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Deep dive: Closures 'typical' for municipal pools, officials say

'Scheduling a closure to perform preventive maintenance is a far better practice than emergency closures,' says Barrie official, noting month-long shutdown is standard
Marcia Russell, the city's manager of recreation and youth services, said annual closures of aquatic facilities are typical for carrying out maintenance. Russell said the time period was chosen due to the completion of summer programs and outdoor recreation opportunities.

Although a month may seem like a long time, the planned closure of the Orillia Recreation Centre’s natatorium/aquatic area is common for municipally maintained pools, city officials say.

Last week, the city announced the rec centre’s aquatic area will be closed between Aug. 20 and Sep. 19 to carry out annual maintenance. 

The work will include draining, cleaning and inspecting the aquatic area’s three pools, carrying out preventive maintenance, cleaning under the moveable floor, and carrying out leisure pool features maintenance.

“It is typical for municipally run aquatic facilities to close annually. The typical time frame is approximately 2.5 to three weeks in duration,” Marcia Russell, the city's manager of recreation and youth services, told OrilliaMatters

Since this will be the first pool closure since the rec centre fully opened, Russell said it will be a little longer than the typically expected timeframe. 

“Due to this being our first pool closure since opening fully, we will be a little longer in duration than what is typical to accommodate the number of items requiring maintenance,” she said. “We will be reviewing timelines for future annual maintenance and will know more once we have drained, refilled and reheated the three pools to their regulated temperatures.”

Russell said the "annual preventative maintenance is required to extend the life of the aquatic area and to help minimize unanticipated problems through the year."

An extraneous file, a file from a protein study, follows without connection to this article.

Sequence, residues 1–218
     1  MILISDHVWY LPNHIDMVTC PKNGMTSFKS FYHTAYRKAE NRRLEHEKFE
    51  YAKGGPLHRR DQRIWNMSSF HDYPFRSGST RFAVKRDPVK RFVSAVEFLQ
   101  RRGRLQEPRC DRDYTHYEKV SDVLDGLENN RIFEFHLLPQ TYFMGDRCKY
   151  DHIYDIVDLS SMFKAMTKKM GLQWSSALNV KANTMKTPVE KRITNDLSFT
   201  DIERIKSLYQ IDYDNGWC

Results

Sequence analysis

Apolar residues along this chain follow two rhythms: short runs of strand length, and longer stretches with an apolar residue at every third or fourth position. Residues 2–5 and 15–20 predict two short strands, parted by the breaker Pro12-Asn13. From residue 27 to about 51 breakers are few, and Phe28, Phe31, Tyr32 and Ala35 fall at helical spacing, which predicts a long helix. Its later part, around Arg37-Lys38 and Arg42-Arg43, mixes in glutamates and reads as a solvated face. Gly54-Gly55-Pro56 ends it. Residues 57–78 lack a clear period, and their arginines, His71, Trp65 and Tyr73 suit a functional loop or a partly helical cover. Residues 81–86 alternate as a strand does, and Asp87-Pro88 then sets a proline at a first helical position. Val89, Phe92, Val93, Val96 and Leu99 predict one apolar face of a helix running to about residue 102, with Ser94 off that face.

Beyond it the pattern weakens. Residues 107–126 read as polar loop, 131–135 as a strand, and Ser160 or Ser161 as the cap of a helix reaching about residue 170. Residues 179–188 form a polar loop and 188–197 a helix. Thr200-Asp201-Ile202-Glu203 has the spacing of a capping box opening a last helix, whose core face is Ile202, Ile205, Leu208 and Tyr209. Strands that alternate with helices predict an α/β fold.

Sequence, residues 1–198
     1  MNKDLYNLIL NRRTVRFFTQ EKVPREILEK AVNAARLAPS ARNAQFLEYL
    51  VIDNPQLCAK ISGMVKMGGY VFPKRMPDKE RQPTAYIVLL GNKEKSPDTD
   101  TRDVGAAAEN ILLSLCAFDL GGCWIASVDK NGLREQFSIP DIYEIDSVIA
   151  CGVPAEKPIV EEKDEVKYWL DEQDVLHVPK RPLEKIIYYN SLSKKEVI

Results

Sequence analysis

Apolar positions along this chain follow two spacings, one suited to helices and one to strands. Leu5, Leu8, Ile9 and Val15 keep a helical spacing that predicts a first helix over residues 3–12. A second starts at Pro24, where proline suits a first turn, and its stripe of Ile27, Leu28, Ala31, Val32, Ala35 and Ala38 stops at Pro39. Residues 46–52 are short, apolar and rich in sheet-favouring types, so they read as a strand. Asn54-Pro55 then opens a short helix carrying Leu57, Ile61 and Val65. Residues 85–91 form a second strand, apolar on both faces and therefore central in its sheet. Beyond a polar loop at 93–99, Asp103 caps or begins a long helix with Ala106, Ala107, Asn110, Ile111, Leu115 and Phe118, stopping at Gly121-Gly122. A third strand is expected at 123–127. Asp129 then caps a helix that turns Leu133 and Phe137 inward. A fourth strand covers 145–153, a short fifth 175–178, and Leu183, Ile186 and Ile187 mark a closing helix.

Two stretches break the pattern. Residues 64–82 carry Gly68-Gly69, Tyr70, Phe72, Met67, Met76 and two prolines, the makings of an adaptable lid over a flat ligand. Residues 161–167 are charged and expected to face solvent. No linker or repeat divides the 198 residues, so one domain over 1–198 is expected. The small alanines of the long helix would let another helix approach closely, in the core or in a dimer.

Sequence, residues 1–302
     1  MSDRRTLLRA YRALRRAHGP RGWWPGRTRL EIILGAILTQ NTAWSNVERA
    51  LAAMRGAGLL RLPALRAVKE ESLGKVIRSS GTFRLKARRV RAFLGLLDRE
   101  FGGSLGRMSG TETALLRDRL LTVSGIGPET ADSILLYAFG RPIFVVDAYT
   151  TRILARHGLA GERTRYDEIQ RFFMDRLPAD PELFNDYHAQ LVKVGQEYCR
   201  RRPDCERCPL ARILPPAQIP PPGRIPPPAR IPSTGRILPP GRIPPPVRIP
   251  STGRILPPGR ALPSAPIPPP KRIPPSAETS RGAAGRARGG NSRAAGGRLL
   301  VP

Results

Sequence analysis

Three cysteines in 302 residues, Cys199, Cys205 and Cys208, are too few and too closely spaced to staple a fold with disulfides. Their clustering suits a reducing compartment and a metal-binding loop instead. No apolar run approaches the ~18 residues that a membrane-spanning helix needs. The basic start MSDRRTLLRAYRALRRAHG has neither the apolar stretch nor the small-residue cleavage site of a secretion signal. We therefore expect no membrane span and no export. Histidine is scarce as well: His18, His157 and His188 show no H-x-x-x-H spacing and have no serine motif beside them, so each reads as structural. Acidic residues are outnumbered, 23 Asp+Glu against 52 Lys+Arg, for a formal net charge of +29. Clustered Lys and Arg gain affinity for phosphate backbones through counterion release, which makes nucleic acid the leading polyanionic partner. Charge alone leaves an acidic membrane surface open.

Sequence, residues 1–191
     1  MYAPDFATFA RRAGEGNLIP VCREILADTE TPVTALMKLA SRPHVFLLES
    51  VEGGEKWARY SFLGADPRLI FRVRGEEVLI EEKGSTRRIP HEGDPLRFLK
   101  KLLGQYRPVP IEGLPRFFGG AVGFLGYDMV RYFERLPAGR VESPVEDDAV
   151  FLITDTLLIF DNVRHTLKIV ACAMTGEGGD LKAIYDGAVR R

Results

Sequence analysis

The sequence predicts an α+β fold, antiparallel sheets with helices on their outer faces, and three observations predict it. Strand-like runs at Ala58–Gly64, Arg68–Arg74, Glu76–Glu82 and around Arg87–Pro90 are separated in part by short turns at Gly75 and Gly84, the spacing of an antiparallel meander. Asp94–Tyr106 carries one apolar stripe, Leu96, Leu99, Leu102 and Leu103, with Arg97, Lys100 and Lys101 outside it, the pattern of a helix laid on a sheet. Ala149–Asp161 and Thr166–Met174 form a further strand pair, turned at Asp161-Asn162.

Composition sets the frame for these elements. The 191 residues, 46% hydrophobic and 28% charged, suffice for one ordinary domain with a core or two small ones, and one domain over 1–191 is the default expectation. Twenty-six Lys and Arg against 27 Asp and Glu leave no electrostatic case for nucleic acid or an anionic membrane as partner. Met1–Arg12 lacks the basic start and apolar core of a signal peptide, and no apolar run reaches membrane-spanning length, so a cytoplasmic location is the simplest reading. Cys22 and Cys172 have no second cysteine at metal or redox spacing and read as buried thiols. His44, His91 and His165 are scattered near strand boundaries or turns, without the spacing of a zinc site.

She also noted the city chose late August to begin its work due to a lull in annual programming and access to outdoor recreation.

“The maintenance dates were selected based on several factors, including the completion of aquatic summer programming, the start date of fall aquatic programming, and because the summer months tend to be slightly less utilized due to beach and splash pad usage within the community," Russell explained.

Although a month without swimming may feel frustrating for some of the rec centre’s 2,000 daily visitors, the City of Barrie also carries out similar annual maintenance programs on its own aquatic facilities, say officials.

Each year, Barrie closes its pools for a month, but it staggers maintenance across its three aquatic facilities to ensure that at least two are open at all times – a luxury that Orillia does not have.

“Scheduling a closure to perform preventive maintenance is a far better practice than emergency closures when the unforeseen happens due to a lack of maintenance,” explained Barrie’s senior communications advisor, Scott Lamantia.

“Out of the 30 days, it takes roughly two to three days to drain and then another three to five to fill and heat, so roughly eight days of that, which leaves 22 days for the actual maintenance," Lamantia said.

He explained what actually happens during the closure:

  • Check the shells of the pools once drained – checking for loose or damages tile that require repair;
  • Re-grout areas where grout has been lost and fully wash the shells at the same time;
  • Inspect all pipes and drains to ensure they are all clear;
  • Check deck drains to ensure they are in good repair;
  • Clean sand filters by washing the sand with a cleaner and inspecting the lateral pipes that return water to the pools. If they are cracked, you will see evidence of sand in the pool during operation;
  • Replace chlorine tubing that gets clogged by calcification;
  • Clean, paint and refurbish change room floors, benches and lockers that can get damaged in the high humidity environment;
  • Repair and replace shower heads, tiles etc as needed and re-grout as needed;
  • Replace lighting as needed over the pools;
  • TSSA must inspect the water slide (amusement device under the TSSA code) and repair as needed 

In a press release, Orillia officials said that Fun Pass holders who do not wish to use other rec centre amenities may request a membership pause throughout the maintenance period. 

Residents with questions about the upcoming maintenance may contact recreation and youth services at 705-325-4386 or email


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Greg McGrath-Goudie

About the Author: Greg McGrath-Goudie

Greg has been with Village Media since 2021, where he has worked as an LJI reporter for CollingwoodToday, and now as a city hall/general assignment reporter for OrilliaMatters
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